What a Nice Guy: Toxic Masculinity and Trauma in Promising Young Woman
The last few years have featured a wave of female revenge movies, including M.F.A. (2017), Revenge (2017), Hunted (2020), and most recently, Promising Young Woman, directed by Emerald Fennell. All of these, other than Hunted, have female directors. In the age of #MeToo, and at the end of the Trump era, which began with the Women’s March, it’s no surprise that the female revenge subgenre has new life. Cinema reflects the times.
Though Promising Young Woman has elements of suspense, it’s not a horror film. However, it does showcase the nightmare of trauma caused by rape. It also features some of the best examples of toxic masculinity compared to other recent mainstream films. Considering the siege at the Capitol in January and the countless images of young men overtaking Washington, Promising Young Woman is even more relevant for its portrayal of unchecked male privilege and the violence it breeds.
Trauma and Its Effects
Carey Mulligan stars as Cassandra, a med school drop-out haunted by a traumatic event from her time as a student. It takes a while for the events of the past to come together, but eventually, it’s revealed that her best friend, Nina, was raped. It’s implied that Nina killed herself. Her ghost lingers. Cassandra keeps a childhood picture of her and Nina on her dresser mirror. She also still wears a friendship necklace.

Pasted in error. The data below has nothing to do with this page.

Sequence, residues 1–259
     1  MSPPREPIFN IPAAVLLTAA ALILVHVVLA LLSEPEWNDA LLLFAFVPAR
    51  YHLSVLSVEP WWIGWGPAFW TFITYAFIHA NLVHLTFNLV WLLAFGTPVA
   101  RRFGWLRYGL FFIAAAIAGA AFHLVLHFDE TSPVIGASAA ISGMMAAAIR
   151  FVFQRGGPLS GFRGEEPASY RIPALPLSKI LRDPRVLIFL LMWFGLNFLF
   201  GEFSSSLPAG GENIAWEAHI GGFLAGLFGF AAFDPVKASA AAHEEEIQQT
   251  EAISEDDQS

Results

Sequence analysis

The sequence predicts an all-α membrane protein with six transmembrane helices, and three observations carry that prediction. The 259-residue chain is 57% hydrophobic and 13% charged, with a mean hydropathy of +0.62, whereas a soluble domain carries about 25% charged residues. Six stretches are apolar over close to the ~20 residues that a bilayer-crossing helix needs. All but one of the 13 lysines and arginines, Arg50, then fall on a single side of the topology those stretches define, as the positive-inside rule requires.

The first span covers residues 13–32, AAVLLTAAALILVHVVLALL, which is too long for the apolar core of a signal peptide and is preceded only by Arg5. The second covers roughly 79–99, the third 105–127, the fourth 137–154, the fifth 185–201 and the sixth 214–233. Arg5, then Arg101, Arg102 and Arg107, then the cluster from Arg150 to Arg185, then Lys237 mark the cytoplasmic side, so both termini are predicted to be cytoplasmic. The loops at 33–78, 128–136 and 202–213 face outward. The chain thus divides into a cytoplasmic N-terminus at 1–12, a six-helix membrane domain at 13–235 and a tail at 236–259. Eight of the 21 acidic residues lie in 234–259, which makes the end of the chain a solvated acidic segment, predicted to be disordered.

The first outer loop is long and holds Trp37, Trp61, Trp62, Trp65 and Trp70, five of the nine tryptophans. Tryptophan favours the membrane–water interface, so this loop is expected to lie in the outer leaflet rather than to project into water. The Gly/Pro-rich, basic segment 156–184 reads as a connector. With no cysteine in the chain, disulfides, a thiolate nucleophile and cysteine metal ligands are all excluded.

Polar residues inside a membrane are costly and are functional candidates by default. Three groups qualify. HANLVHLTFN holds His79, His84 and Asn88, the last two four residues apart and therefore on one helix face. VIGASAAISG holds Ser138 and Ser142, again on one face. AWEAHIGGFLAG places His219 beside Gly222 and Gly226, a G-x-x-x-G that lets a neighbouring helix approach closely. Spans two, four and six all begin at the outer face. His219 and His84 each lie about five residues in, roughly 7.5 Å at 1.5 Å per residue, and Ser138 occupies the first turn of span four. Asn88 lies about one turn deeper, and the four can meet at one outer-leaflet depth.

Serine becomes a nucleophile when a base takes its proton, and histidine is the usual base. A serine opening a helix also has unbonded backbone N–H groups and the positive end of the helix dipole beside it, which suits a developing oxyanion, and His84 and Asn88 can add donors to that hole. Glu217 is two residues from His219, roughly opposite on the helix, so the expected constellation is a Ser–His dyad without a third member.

This event dramatically altered Cassandra’s life. Instead of following her plans to become a doctor, she works at a café and lives with her parents, even though she’s 30. She doesn’t date, nor does she trust men. She’s anti-social, and her only real friend is Gail (Laverne Cox), the café owner who practically begs Cassandra to date.
Because of the pain that she harbors over the past, Cassandra spends most of the movie punishing men. Initially, she targets random guys before tracking down everyone responsible for Nina’s rape and subsequent suicide. She tallies all of this in a little black book, featuring hundreds of entries.
But They’re Such Nice Guys
There’s a method to Cassandra’s hunt and prey scenarios. Each night, she goes to a club and acts intoxicated until someone takes her home. The opening minutes feature her nodding and dozing off until a young man, Jerry (Adam Brody), tells the cab driver to take them to his place. Before Jerry saunters over to Cassandra at the club, he and his buddies bemoan changes that have resulted due to the #MeToo Movement. One even gripes that he doesn’t know how to act around women in the workplace anymore. Jerry, however, is different, right? He acts like he just wants Cassandra to get home safely.
Jerry pretends to care about Cassandra’s well-being, telling her to lay down on his bed, but then he kisses her, before sliding off her panties. He’s suddenly interrupted when she winks at the camera and lets Jerry know that she’s not drunk. The wink is a nod to the audience, letting everyone know about her true intentions.